“In a Shark’s Mouth” by Nicole Lacy
Someone once told me about the man-eating muskies in Lake Erie. Someone else swore there were snapping turtles big enough to take off toes and fingers. I stopped swimming, even though Grandma assured me that the stories of pikes picking off Great Lakes waders were myths. But because I was a curious girl, it wasn’t long before I learned about the bull shark, which can swim from the ocean and into a river, squeezing itself into a narrow creek bed, because it knows that children are an easy meal.
What is a myth? It is the lie that hides a vicious fact.
Once, on a Sunday afternoon, my mother took me to the natural history museum. We saw the skeletons of giant fish containing smaller skeletons in their see-through bellies. There were fish with fanged underbites that could have gutted entire ships. I stood in front of the fossilized jaw of a megalodon, its body longer than two school buses. One of its teeth was bigger than my mother’s whole hand.
A megalodon could have swallowed a great white, even Jaws. Against Grandma’s advice, I watched Jaws over and over. In time, I memorized the details of each attack and no longer covered my eyes when children were eaten. I watched Jaws until my brain grew serrated teeth of its own.
Saturated with facts, the ground dissolved underneath me. I was alone in the ocean while a shark sliced through the depths, preparing a fatal strike from below.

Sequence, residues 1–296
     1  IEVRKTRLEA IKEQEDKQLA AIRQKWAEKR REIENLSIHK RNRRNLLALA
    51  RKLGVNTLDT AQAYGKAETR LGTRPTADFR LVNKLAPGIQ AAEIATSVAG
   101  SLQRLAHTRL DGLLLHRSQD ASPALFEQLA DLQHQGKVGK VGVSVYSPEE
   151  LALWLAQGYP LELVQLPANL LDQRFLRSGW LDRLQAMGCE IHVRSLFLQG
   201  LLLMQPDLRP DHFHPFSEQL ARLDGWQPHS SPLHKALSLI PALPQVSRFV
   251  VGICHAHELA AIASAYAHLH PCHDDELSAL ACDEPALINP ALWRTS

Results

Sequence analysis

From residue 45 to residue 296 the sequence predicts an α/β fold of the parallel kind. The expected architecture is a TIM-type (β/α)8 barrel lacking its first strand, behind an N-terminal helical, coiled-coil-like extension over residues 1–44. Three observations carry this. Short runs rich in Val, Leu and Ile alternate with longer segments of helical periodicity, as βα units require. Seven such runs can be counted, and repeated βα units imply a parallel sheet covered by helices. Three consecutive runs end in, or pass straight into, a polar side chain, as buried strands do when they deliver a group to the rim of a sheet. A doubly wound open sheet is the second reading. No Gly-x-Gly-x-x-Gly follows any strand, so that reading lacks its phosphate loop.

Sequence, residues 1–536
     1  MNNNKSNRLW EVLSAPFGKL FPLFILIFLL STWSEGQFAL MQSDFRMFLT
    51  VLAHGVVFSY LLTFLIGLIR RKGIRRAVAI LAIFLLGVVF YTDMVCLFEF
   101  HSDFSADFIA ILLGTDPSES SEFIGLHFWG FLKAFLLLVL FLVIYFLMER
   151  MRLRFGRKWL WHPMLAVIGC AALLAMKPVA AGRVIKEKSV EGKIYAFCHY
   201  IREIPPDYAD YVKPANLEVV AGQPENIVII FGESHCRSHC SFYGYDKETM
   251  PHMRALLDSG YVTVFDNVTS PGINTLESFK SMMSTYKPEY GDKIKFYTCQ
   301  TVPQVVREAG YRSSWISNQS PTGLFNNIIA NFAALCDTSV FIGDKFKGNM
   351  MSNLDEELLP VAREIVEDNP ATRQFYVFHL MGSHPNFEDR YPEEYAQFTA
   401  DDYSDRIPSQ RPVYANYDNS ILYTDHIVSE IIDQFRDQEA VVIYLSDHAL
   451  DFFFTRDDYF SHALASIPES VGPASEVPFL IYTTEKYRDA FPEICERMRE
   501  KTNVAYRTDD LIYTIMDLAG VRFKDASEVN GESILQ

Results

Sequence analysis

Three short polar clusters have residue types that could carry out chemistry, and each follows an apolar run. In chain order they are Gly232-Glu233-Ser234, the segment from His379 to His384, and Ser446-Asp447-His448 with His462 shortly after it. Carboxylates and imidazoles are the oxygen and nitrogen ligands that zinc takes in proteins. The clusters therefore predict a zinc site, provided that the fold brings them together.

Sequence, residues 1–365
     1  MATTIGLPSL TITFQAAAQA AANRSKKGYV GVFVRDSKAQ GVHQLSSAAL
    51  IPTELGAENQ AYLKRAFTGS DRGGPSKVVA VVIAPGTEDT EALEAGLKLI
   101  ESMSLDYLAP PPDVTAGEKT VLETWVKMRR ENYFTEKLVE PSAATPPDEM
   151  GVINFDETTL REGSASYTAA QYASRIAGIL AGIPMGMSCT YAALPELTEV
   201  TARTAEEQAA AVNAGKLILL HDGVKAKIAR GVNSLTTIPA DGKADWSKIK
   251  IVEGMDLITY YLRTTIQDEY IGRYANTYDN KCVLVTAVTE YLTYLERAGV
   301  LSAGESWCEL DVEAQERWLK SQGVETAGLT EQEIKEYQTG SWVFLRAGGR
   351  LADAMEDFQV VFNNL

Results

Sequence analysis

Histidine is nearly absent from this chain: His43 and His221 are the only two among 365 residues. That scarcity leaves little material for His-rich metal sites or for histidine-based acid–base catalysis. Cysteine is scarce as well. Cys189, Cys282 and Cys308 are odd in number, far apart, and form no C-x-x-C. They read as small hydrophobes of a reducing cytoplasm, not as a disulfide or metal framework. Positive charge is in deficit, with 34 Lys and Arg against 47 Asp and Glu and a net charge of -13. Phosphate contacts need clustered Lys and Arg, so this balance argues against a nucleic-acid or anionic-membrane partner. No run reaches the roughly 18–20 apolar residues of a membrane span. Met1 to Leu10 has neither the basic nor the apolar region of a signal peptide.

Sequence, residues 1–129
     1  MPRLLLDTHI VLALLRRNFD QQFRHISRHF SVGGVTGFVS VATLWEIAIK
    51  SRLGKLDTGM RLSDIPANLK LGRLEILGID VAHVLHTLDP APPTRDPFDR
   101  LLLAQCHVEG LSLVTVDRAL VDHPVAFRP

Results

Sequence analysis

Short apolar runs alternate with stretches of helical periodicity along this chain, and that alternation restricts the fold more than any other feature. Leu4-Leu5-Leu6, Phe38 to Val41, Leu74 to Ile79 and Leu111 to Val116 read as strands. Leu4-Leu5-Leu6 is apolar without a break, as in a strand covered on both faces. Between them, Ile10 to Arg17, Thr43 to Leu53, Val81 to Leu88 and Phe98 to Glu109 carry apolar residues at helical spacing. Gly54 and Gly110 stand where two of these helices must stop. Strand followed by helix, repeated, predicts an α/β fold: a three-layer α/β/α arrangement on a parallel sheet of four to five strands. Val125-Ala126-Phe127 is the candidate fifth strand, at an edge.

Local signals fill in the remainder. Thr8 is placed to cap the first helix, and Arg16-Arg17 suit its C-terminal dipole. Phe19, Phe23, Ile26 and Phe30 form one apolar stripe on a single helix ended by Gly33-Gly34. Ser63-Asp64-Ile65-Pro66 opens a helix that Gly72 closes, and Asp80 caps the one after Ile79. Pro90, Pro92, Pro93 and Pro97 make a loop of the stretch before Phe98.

Some nights before bed, a plastic shark swam circles around me in my bath, its dorsal fin surfacing briefly before disappearing under the bubbles. When it went in for the kill, I clamped its teeth onto my flesh until fear surged through my body, and I had to pull the plug from the drain.
Someone once gave me a pop-out poster for Jaws that leapt when unfolded. I closed it against my face, feeling the cardboard teeth sink into my skin. I imagined being dragged underneath the ocean in a shark’s mouth. I still wonder what it would be like to die in this way—suffocated and torn apart all at once.
Sharks wander dark water without fearing for their lives, and never shed tears when their mothers disappear. I set out to become one, absolute in my indifference. But I’m adrift in this ocean, waiting, as shadows move underneath.
What is a fact? It is the secret a grandmother keeps, or a silhouette underwater. It is something as real as the tooth of a megalodon—or my mother, waving goodbye after our trip to the natural history museum, once, on a Sunday afternoon.
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Nicole Lacy’s Artist Statement: Nicole Lacy is an MFA candidate at Carlow University in Pittsburgh, Pennsylvania. Her writing has appeared in Tin House’s Open Bar and Word Riot, among others. In a Shark’s Mouth originally appeared in the Fall 2016 edition of The Los Angeles Review.